Offering a behind-the-scenes look into the world of automotive research and development in the 1960s, this engaging narrative traces the birth of Chrysler’s alternative “jet” car and reveals the story behind its sudden and mysterious demise. Relying on extensive research and firsthand accounts from surviving members of the turbine car program—including the metallurgist who created the exotic metals for the engine and the test driver who drove it at Chrysler's proving grounds—this chronicle documents the bold development of an automobile with a jet turbine engine. In addition to running well on virtually any flammable liquid—including kerosene, vodka, heating oil, and Chanel N°5 perfume—the pioneering engines had one fifth the number of moving parts and required less maintenance than conventional engines. Despite the fleet’s amazing performance over millions of miles by test drivers, Chrysler pulled the plug on the project and crushed almost all of the cars. The reasons behind the surprising end to the jet car fleet are finally explained here.
|Author||: Paul Ingrassia,Joseph B. White|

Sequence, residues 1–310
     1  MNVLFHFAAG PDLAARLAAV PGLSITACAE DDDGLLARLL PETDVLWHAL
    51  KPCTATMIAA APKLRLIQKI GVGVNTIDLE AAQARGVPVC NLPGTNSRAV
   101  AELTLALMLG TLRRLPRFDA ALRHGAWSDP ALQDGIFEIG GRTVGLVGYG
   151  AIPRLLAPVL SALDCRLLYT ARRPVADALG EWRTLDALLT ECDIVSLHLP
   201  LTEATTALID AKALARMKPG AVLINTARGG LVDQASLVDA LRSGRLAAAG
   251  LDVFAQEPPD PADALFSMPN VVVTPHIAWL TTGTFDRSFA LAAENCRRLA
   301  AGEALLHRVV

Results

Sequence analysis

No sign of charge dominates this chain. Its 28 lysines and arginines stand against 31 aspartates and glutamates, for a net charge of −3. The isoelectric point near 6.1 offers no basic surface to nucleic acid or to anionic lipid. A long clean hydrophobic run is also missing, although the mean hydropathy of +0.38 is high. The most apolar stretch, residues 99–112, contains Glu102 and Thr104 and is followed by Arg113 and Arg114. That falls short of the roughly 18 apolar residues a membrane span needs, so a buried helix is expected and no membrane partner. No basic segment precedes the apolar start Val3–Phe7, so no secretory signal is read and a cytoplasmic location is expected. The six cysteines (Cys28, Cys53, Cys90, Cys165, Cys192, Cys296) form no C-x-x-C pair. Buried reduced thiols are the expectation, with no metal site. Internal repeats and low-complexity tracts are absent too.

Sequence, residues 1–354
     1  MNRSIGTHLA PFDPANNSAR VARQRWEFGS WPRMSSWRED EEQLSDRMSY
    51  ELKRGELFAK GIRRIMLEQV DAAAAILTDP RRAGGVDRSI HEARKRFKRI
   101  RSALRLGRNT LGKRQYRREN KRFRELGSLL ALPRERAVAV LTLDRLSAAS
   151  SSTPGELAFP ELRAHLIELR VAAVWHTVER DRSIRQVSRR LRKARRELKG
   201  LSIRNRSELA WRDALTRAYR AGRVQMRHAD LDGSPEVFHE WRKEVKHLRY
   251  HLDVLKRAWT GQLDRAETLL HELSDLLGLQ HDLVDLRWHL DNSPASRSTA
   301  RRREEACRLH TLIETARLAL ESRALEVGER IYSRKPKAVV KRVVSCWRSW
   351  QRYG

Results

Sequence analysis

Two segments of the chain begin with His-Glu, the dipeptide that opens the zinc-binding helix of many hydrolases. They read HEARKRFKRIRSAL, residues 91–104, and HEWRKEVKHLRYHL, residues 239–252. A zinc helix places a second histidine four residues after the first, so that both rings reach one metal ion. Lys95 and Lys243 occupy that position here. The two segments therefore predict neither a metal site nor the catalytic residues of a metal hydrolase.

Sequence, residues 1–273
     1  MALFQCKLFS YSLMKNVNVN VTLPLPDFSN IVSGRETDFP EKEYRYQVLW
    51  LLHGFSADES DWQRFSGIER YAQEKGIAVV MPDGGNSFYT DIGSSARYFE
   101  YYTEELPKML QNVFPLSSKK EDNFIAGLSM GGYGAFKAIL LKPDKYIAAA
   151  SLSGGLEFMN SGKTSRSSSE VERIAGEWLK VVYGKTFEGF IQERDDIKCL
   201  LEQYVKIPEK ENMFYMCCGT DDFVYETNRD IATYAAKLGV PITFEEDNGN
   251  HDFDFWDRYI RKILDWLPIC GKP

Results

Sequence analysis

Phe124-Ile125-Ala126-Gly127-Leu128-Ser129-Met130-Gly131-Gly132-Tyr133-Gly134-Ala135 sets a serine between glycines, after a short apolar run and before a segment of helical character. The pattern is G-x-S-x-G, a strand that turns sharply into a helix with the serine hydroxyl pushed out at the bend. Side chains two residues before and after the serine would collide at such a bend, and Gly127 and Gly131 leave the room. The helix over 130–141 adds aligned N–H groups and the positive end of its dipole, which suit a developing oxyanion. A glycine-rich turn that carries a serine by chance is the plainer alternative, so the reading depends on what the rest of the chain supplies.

|Editor||: Simon and Schuster|
In Comeback, Pulitzer Prize-winners Paul Ingrassia and Joseph B. White take us to the boardrooms, the executive offices, and the shop floors of the auto business to reconstruct, in riveting detail, how America's premier industry stumbled, fell, and picked itself up again. The story begins in 1982, when Honda started building cars in Marysville, Ohio, and the entire U.S. car industry seemed to be on the brink of extinction. It ends just over a decade later, with a remarkable turn of the tables, as Japan's car industry falters and America's Big Three emerge as formidable global competitors. Comeback is a story propelled by larger-than-life characters -- Lee Iacocca, Henry Ford II, Don Petersen, Roger Smith, among many others -- and their greed, pride, and sheer refusal to face facts. But it is also a story full of dedicated, unlikely heroes who struggled to make the Big Three change before it was too late.
|Author||: Steve Lehto|